Badpuppy Gay Today

Monday, 02 February 1998


San Diego's Rex Wockner, a Confirmed Mexiphile, Tours the Fence
America's "Berlin Wall" Separates the "Haves" from the "Have Nots"

By Rex Wockner
GayToday's International Correspondent


I've always hated the border fence.

Since I moved to San Diego four years ago, I've worked as a news reporter in Tijuana about one day a week. Add it up and I've spent seven months of my life across 'the line.'

I have friends there, I have favorite restaurants there, if I need to buy something, I'm as likely to know where to find it in Tijuana as I am in San Diego.

For me, the fence is a wall of bureaucracy and hatred running through the middle of what is obviously one metro area and through the middle of my life. Some of my friends don't have documents to cross and come have dinner at my house. All my friends are cast by the fence as somehow undesirable.

"WELCOME TO THE NEW BERLIN WALL" someone has carefully painted on the Mexican side of the fence at the point it descends 400 feet out into the Pacific Ocean.

On a gut level, that's how it feels to me. Whenever anyone asks my opinion, I say: "Take it down. Let poorer Mexicans work at restaurants in Orange County if they want to. Let San Diego and TJ blend together. American prosperity will slither south and fix some of Baja's problems and Mexican joie de vivre will slither north and spice up white-bread San Diego. I don't think anything very serious will happen if you just take the damned thing down."

News reporters, of course, are paid to look at all sides of an issue, and that's how it came to pass that my most recent Mexican experience was a three-hour Border Patrol tour of the fence.

Now, I don't know if the Border Patrol is all that shrewd, but, interestingly, the public-information officer they assigned to me was himself Mexican, with much of his family still living in the Mexicali area.

"It doesn't cause me any problem to arrest somebody who comes into this country in a manner that is illegal," Agent Salvador S. Zamora told me. "I have family that lives in Mexico and they know what I do. At first there was a lot of hesitation, a lot of mixed feelings, a lot of mixed emotions, but once you understand and once you explain to them that it is a job of every sovereign nation to protect their borders, they understand that it is laws that need to be abided.

"There's empathy on my behalf because I definitely recognize the frustration of most of the people who leave their country," Zamora conceded. "They are oppressed and they don't have the pay magnet to the United States -- it's a better life, you're making more per hour."

Sensors, Scopes and 520 Cops

Zamora and I began our tour in Border Field State Park. In 1993, the fence was extended 400 feet out into the ocean between the park and Playas de Tijuana (Tijuana Beach).

"People were swimming across or driving vehicles up the beach so we added 400 feet to the fence," Zamora explained. "The beach is also secured with ... seismic-intrusion devices. They gauge any seismic activity, such as a stomp on the ground -- even the rumbling of our helicopters will trigger it. It sends off a signal and our central communications system catches it. Via the antenna, it's transmitted into the computer which gives it a number. It comes out on the monitor, the number identifies the sensor and the agent knows the location. ... The sensors measure up to 30 or 40 feet in radius. There are 11,000 of them in the San Diego Sector. ... We can see at night up to the end of the fence. What monitors further out [into the ocean] is our infrared scopes. They can see a good image two to three miles. If it's a clear night and there's no obstruction, they can see out five miles."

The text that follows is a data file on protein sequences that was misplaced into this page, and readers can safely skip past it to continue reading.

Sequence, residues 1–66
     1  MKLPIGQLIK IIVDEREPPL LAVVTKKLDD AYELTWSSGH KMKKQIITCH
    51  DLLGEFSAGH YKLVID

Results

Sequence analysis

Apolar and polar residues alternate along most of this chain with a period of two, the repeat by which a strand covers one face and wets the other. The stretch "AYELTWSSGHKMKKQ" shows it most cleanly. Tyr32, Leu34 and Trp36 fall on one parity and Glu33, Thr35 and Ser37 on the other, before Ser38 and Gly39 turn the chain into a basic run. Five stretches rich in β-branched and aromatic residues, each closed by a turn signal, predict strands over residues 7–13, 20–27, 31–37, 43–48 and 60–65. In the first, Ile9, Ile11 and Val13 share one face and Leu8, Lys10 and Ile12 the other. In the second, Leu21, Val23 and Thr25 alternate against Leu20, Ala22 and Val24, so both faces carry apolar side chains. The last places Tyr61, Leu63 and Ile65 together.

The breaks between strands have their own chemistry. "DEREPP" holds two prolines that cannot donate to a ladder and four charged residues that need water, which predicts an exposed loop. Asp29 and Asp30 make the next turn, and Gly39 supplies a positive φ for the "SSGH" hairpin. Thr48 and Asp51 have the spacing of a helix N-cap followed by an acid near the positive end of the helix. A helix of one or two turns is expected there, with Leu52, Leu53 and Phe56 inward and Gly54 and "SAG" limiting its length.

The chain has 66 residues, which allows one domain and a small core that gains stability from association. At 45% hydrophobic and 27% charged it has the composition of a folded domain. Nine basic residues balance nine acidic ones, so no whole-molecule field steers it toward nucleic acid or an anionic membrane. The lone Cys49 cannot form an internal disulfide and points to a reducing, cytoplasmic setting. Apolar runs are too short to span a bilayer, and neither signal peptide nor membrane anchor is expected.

Sensors and scopes or not, there's very little illegal crossing these days between the ocean and Interstate 5 because 1994's Operation Gatekeeper flooded the area with agents. More than eight percent of all U.S. Border Patrol agents (520 of 6,300) work those five miles.

"People here try once, twice, maybe three times and then say this is way too difficult, there's too much time involved for me to either employ a smuggler or there's money involved and I don't have that so I'm going to go try my fate out in the East County area," Zamora explained. "We targeted this area because this is the most chaotic area. It is close to San Ysidro, where you saw people coming through the port of entry up the interstates, you saw access to the United States through here into the interior via the buses that are available in the San Ysidro area. You have taxis, you have a big housing community so that people would run 200 yards, they're already in the city and they get lost.

"So, you have the fence, you have an agent right up against the fence, you have the area well-lit, you have the seismic sensors, you have the infrared scopes, and you have this program that is orchestrated so efficiently."

'Death Trap'

Illegal entry between the ocean and I-5 has been further dampened by a new two-mile fence that runs west from I-5. Unlike the old rusty metal fence, the new fence -- made of 14-foot-high cement pylons -- cannot be jumped over, bored through or tunnelled under. It was completed in September.

"The intention of the [older] fence was not to prevent the entry of the border crosser on foot," Zamora said. "People were driving across and that was the main focus of the fence. It was also put up just to mark the border. It gave us jurisdiction as far as to what extent we could go to arrest a person and not be in Mexico. I believe the first fence, a chain fence, went up in 1980. In 1991 came this fence with the military-style corrugated-steel landing mats.